For most first-year students, taking initial law school examinations is scary. Unlike most undergraduate classes, law school grades are usually based entirely off of the final examination, which is graded on a curve against the responses of other students. However, by preparing adequately, outlining your answer and writing concisely, you can avoid many of the pitfalls of law school examinations and get an A.
Read the full question first. Many law school exam questions have several pages. Skim the question first, then read the question carefully. Make notes in the margins and underline important facts. By taking the time to read the question before outlining or writing an answer, you have a better chance of writing a comprehensive answer.
Allocate your time wisely. Many first-year law students make the mistake of spending too much time answering the first question on an exam thoroughly. You then don't have enough time to adequately answer later questions. If a question is only worth 30 percent of your grade, only spend 30 percent of your time on it. While you may not answer every issue raised in a question, professors typically structure exam questions in a way where identifying and thoroughly discussing every issue in a timely manner is not possible.
Follow any limitations set by your professor. If your professor has assigned word or page limits, do not exceed them. Some professors refuse to read anything written beyond the word limit or even refuse to read the entire answer that exceeds the limits.
Outline your answer. When outlining, use IRAC format, which is short for Issue, Rule, Analysis and Conclusion. For each issue you spot, identify the issue, concisely state the governing rule, apply the facts of your professor’s question to the rule and draw a conclusion. If your subject matter and question lends itself to chronological order, such as with contracts or criminal law, outline your answer in chronological order. When writing an answer for a torts exam, organize your outline by party.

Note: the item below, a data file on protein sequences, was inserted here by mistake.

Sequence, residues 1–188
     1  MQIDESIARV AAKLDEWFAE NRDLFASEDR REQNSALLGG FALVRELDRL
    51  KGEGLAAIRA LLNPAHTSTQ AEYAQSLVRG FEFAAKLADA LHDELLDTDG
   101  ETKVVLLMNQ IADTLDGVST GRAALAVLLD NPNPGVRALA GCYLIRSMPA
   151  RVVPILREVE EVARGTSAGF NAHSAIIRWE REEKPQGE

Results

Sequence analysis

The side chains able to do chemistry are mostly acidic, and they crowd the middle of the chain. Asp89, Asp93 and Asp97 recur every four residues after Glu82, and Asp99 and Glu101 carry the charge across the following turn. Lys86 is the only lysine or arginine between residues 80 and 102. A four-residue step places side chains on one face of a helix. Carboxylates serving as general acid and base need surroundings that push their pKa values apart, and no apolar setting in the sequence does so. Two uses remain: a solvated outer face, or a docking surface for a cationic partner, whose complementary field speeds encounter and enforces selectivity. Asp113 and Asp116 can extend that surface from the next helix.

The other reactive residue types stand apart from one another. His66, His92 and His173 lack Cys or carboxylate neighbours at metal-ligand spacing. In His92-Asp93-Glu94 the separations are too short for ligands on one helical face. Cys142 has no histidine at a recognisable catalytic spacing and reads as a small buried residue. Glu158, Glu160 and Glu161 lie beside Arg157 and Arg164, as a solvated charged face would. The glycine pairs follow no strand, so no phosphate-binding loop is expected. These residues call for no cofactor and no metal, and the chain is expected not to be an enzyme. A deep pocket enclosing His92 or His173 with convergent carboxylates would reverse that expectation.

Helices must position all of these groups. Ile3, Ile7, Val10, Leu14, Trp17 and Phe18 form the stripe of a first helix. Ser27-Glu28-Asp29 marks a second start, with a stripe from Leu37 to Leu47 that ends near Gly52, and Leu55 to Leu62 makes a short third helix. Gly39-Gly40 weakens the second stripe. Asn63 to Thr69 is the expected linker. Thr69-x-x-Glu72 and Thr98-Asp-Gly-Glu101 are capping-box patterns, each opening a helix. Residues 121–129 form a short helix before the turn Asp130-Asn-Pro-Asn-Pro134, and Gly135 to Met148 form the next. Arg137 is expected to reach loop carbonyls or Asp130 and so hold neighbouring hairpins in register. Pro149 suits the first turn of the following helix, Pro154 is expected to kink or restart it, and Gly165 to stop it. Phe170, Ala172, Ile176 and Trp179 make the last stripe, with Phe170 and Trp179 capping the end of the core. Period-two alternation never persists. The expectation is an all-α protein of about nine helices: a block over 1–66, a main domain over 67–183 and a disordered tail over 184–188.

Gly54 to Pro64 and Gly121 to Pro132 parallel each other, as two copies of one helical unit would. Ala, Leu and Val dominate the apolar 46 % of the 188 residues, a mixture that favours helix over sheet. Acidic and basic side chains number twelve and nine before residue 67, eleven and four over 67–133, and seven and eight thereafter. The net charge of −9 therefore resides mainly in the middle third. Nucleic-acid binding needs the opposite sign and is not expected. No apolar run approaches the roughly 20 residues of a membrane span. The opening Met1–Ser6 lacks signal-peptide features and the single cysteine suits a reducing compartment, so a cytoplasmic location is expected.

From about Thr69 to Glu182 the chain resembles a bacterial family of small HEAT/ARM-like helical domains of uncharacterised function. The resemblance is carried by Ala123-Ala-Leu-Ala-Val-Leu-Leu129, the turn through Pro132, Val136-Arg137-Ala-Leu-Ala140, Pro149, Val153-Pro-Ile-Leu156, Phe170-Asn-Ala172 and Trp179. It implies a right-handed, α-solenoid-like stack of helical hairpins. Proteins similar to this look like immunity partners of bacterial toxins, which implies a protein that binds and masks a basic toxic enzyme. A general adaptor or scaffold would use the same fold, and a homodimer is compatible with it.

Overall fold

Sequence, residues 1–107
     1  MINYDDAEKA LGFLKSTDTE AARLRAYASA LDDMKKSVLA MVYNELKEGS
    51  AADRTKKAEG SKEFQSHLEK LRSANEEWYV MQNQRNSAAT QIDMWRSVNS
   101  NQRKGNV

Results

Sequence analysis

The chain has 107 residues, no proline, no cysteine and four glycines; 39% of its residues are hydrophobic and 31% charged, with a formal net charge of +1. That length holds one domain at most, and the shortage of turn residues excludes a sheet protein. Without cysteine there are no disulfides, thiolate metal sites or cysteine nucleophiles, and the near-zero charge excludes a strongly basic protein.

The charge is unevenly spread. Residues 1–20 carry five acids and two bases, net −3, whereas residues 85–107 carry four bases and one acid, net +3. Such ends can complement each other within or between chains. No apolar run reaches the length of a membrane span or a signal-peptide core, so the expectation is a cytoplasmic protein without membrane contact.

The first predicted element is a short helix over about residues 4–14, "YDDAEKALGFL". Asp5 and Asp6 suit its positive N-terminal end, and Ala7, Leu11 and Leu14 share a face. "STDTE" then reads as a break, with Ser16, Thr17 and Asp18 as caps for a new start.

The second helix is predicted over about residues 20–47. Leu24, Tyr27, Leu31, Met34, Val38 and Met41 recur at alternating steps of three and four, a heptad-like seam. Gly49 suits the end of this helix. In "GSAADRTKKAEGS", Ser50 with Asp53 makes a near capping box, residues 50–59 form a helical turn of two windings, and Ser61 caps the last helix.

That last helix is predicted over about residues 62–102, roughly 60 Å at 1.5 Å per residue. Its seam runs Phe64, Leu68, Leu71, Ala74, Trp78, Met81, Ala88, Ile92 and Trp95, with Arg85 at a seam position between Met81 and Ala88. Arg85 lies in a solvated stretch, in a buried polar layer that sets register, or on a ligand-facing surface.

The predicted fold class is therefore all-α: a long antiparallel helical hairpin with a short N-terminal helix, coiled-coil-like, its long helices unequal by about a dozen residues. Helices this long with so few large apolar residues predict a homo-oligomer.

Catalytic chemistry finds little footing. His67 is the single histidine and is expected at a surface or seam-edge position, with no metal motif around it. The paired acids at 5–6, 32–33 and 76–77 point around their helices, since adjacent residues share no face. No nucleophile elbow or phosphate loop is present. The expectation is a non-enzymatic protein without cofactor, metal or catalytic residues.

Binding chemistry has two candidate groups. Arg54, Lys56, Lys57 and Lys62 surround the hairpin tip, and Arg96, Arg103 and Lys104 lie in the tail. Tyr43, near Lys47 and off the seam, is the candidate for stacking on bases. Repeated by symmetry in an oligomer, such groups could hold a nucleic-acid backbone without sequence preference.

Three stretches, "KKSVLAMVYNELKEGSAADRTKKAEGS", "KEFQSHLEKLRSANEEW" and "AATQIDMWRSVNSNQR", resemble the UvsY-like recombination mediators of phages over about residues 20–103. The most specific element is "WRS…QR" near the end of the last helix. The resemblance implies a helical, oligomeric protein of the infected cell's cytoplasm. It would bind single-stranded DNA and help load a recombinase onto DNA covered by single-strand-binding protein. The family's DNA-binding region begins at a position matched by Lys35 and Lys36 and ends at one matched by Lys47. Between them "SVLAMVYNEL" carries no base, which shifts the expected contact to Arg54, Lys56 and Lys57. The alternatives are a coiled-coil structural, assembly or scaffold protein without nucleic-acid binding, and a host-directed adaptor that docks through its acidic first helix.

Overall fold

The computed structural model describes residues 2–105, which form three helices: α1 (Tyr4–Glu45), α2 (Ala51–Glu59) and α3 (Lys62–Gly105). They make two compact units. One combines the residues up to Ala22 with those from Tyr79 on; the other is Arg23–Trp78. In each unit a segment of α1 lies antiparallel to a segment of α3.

Write the first paragraph of your answer. In the first sentence of your response, answer the question asked in plain language. For instance, if the question asks “Which party will prevail?,” the first sentence of your answer should read “The plaintiff will likely prevail because….”
Write the body of your essay. Write concisely, using short paragraphs. Each issue that you have identified in your outline should have its own paragraph, with one sentence stating the Issue, Rule and Conclusion. While you may need to write several sentences in the Analysis section for each paragraph, avoid lengthy discussions unless required by the question.
Salvatore Jackson began writing professionally in 2010. He has experience with international travel, computers, sports and law. Jackson is a licensed attorney with experience in legal research. He received his Juris Doctor from Tulane University in 2010.